A new study suggests that dogs don’t like hugs and by hugging a dog you are actually putting your pup under a great amount of stress. A confining hug goes against the dog’s instincts to run, claims the study published in Psychology Today by Stanley Coren, who is a professor of psychology and neuro psychological researcher.
As Coren argues hugs are stressful for dogs, but some dog owners are debating his findings. Cohen came to this conclusion after he studied photos of dogs being hugged and noting the signs that indicate stress in a dog. The study consisted of scanning 250 Internet photos of people hugging their dogs for known visual signs of stress in dogs, reports MSN News on April 26.
Those signs included the dog turning their head away, showing the whites of their eyes and slicked back ears. 82 percent of the dogs being hugged in the photos were found to show at least one of these signs, which indicated they were feeling stressed in this research.. Only 8 percent of the dogs seemed happy with being hugged and 10 percent appeared neutral.
Coren reports that the first line of defense in a dog when feeling a threat or stress is to run, not using their teeth. “Dogs are technically cursorial animals,” said Coren. This is a term that “indicates they are designed for swift running.”
According to Fox News on April 26, the study also suggests: “The data shows that while few dogs may like being hugged, more than four out of five dogs find it unpleasant.” If this research is true, then this would seem to indicate that dog owners everywhere are putting their dogs in unpleasant circumstances daily via a hug? Really? Should you all go home and apologize to mans’ best friend?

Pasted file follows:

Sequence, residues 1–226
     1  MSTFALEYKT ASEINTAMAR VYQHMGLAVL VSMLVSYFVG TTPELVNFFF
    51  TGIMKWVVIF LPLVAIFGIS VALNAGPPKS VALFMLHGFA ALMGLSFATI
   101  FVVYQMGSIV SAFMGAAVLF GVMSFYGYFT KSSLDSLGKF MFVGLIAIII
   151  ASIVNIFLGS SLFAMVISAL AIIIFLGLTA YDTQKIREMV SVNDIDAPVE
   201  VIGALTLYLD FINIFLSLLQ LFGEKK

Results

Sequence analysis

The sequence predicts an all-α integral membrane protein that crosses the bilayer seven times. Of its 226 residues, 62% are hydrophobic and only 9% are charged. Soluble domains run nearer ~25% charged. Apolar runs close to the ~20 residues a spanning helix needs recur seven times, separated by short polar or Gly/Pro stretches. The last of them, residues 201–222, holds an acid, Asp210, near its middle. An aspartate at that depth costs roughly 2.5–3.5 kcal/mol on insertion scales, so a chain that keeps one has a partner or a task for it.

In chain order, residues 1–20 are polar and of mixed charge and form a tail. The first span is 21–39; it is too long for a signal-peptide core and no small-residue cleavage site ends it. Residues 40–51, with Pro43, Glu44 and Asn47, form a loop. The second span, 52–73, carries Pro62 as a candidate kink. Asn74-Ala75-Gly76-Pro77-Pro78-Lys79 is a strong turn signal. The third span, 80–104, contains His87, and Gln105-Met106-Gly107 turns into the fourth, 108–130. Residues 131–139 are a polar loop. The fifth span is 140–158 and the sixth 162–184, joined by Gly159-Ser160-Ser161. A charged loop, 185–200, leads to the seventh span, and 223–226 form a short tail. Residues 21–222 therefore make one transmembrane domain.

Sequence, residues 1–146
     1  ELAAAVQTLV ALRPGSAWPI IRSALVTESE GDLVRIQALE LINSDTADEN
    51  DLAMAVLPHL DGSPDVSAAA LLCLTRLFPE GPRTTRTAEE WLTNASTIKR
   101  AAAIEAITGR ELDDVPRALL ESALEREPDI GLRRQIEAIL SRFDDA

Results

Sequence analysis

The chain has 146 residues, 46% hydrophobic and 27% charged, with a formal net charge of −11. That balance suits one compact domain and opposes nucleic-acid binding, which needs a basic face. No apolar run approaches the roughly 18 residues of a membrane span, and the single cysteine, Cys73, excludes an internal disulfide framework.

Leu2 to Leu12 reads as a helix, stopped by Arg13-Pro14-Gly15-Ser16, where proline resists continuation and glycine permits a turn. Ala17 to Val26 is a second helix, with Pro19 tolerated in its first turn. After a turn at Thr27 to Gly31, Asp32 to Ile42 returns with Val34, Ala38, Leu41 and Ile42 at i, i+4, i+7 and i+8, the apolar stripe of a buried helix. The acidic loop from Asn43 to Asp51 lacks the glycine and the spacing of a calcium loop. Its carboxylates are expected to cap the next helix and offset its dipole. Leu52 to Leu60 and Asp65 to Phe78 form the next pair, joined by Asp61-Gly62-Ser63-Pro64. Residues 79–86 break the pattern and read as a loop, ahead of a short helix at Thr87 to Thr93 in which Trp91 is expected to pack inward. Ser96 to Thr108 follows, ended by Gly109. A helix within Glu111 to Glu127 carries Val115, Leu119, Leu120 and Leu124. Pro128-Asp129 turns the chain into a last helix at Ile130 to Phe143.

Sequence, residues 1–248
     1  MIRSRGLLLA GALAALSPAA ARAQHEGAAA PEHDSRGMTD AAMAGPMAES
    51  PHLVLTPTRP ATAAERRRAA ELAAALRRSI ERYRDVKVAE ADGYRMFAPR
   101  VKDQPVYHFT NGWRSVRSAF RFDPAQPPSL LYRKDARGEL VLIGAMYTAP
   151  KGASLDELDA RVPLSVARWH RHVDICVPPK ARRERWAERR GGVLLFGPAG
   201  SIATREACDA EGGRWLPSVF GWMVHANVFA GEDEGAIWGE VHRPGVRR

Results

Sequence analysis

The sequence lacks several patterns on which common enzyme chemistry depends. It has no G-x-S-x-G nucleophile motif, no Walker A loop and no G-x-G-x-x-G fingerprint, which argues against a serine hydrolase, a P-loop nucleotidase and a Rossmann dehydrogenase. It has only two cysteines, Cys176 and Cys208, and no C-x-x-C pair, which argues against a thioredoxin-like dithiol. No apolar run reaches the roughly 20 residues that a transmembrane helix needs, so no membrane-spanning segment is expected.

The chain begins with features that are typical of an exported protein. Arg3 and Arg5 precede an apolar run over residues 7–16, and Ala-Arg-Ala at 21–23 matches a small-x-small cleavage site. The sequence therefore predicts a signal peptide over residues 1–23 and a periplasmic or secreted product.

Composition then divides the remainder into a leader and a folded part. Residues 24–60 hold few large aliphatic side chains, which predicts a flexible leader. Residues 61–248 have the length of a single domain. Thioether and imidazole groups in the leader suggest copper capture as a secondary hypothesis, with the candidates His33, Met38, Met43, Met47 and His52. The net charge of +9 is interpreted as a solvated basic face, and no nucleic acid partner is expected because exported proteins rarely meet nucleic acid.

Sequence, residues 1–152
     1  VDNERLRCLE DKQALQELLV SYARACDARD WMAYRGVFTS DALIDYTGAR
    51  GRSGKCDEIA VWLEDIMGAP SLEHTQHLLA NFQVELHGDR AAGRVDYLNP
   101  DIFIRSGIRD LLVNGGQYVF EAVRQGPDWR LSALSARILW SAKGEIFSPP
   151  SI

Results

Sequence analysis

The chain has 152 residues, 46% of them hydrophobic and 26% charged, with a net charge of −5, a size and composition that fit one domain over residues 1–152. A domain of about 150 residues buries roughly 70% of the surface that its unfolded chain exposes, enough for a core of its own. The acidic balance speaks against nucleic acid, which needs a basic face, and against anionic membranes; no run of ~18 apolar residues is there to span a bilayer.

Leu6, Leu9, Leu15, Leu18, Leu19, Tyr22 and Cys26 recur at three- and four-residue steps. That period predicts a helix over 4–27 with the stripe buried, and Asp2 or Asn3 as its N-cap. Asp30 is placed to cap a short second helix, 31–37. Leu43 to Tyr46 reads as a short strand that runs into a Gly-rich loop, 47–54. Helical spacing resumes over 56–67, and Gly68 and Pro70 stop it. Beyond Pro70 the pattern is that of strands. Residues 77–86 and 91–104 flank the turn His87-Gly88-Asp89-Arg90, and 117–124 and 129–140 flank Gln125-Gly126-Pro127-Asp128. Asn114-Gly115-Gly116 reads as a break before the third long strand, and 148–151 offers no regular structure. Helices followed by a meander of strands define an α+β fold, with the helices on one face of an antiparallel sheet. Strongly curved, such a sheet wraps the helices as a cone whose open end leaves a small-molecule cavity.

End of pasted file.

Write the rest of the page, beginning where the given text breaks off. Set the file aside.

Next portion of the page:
The random Internet photos of dogs being hugged were just pictures. The circumstances under which the pictures were taken were not noted and this alone could make a huge difference with the outcome. These pictures were taken randomly from Google Images, so if you have a dog and you are hugging your buddy in a picture online, you may be part of this study!
Unless these pictures were all selfies, there was someone else in the area taking the picture and that alone might be a distraction to a dog. How can you indicate that the stress signs reportedly seen in these dogs were caused by a hug? Were the dogs being hugged in the quiet of their own home or in a noisy city park?
The breed of these dogs were not mentioned, which should be an important factor in the findings. If the 250 pictures of dogs being hugged were all Golden Retrievers, this study’s outcome might have been extremely different. What were the ages of these dogs? A dog that is a year old is not going to be the best hugging partner, but that same dog at 10-years-old might love that hug.
Even if some of these pictures were selfies, the camera alone can distract a dog. As “Fox and Friends” offered up on Wednesday morning, as many others out there are thinking, “my dog loves to be hugged!”